Author Topic: November, 2016: change or stability throughout the years  (Read 1861 times)

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Michel.R.E

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November, 2016: change or stability throughout the years
« on: October 17, 2016, 10:42:09 AM »
So for November, I thought why not take a brief overview of our own musical output for the last x-number of years.

In what way do I mean?

Are there motifs that tend to recur in your output from years ago to now?

Are there harmonic idiosyncrasies that tie your output together from then until now?

Are there approaches to form/structure that have remained important to you over the years?

Are there extra-musical elements that have stuck in your mind throughout this time, to which you've returned regularly?

And the inverse of all of these:

What do you feel has changed in your output?

How do you feel your output has changed?
« Last Edit: November 02, 2016, 09:45:58 AM by Michel.R.E »
"Writing music to be revolutionary is like cooking to be famous: Music’s main function is not revolution. – Alan Belkin "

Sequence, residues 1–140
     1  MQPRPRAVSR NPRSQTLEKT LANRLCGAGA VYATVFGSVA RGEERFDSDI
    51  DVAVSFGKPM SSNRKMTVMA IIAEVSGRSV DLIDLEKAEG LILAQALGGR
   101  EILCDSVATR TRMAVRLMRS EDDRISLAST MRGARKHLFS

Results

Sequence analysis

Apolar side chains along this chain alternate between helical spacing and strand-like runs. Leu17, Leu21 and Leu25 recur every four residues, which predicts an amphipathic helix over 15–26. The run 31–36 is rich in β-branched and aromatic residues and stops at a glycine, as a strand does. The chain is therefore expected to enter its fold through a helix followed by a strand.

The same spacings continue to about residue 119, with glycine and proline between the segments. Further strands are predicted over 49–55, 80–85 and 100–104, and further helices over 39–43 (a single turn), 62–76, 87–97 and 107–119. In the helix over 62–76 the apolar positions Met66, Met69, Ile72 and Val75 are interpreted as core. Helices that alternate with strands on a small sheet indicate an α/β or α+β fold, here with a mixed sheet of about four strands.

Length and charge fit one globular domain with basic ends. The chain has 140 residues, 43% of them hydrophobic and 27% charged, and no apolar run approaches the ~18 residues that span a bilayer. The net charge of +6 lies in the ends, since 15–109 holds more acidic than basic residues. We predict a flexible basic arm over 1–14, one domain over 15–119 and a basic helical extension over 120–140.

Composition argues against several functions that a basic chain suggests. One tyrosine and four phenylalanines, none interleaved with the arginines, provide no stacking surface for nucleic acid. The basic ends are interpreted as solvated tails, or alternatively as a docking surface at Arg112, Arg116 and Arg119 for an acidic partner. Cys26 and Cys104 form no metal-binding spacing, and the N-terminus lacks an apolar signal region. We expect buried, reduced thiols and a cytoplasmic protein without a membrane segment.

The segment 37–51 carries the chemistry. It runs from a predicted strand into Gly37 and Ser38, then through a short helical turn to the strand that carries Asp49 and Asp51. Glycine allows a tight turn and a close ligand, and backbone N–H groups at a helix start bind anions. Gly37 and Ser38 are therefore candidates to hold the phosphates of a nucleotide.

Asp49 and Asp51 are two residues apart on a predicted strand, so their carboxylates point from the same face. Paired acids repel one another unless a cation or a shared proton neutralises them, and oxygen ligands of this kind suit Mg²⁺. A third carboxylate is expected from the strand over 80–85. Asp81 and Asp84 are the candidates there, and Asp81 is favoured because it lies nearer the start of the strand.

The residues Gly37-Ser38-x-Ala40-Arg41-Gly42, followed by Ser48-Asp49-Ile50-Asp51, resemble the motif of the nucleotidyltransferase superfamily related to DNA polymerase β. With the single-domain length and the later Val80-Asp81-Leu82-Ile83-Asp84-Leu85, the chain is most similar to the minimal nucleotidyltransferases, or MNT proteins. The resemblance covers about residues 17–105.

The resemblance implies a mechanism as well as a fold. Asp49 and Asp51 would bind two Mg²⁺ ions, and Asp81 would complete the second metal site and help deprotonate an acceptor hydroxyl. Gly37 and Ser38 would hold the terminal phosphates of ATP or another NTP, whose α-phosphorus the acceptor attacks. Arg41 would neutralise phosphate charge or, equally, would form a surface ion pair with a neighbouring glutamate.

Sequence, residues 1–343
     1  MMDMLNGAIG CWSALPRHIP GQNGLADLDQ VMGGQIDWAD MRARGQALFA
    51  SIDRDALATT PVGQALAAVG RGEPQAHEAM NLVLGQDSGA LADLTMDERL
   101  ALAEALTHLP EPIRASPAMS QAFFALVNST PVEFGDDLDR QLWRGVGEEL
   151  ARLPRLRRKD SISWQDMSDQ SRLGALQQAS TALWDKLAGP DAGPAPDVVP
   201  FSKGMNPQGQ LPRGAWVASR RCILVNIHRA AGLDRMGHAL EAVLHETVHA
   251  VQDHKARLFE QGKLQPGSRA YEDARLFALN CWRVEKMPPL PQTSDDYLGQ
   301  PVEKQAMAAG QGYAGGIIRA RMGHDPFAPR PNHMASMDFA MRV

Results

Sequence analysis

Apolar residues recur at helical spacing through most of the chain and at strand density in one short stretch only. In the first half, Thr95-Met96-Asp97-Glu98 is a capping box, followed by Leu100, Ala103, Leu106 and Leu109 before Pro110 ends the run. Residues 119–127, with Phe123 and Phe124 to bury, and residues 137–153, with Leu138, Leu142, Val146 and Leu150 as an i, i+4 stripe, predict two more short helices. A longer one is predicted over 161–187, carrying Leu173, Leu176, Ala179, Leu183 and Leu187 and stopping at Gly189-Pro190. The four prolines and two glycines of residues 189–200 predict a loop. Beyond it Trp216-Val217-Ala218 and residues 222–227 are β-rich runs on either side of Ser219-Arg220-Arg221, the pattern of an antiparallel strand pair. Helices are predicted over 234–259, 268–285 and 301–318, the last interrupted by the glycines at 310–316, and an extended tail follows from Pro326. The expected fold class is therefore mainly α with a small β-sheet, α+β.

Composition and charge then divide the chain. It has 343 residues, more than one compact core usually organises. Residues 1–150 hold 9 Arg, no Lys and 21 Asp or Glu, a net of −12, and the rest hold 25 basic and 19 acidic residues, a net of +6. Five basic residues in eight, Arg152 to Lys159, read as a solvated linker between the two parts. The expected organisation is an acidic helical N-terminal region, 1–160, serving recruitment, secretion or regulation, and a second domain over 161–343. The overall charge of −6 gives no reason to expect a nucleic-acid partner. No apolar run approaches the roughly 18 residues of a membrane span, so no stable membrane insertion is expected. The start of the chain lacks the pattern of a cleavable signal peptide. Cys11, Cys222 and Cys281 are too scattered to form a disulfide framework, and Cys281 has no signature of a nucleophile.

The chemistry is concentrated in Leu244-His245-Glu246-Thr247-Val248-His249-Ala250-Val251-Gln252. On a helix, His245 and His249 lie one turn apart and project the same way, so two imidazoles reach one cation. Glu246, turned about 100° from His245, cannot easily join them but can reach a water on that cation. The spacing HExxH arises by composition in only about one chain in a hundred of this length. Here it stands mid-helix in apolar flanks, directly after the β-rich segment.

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Ron

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Re: November, 2016: change or stability throughout the years
« Reply #1 on: November 02, 2016, 12:32:44 PM »
When I first started composing about 15-16 years ago, I was just happy to get notes onto a staff that I could play back. So, symphonies, tone poems, string quartets just poured out of me. Now, because I think about each note I put on a staff it takes me forever to finish something of any consequence. I can't get passed 30 or 40 measures in something for full orchestra because there are just so many decisions to make I get overwhelmed and short-circuited. Short works for a few instruments seems to be about all I can handle these days.
Ron
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Michel.R.E

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Re: November, 2016: change or stability throughout the years
« Reply #2 on: November 02, 2016, 07:36:34 PM »
I've been writing for a bit over 40 years now, though my first formal composition lessons weren't until a couple of years after that.

Recently I've looked back on some of my earliest works, and started noticing some "trends" that seem to have remained with me from the get-go.

Even in works I wrote as a teenager, I had already adopted the use of polyharmony, although I wasn't using it in as thought-out a manner as I do now. I was always drawn to the dichotomy between extreme dissonance and extreme tonality. I think the works that appealed to me, from a listening perspective, were usually works that contained both extremes as well: Strawinski, Barber, Hindemith, Copland, Bartok, and to a lesser extent, Debussy and Ravel (the tonal ambiguity of the latter two was a big attraction to me).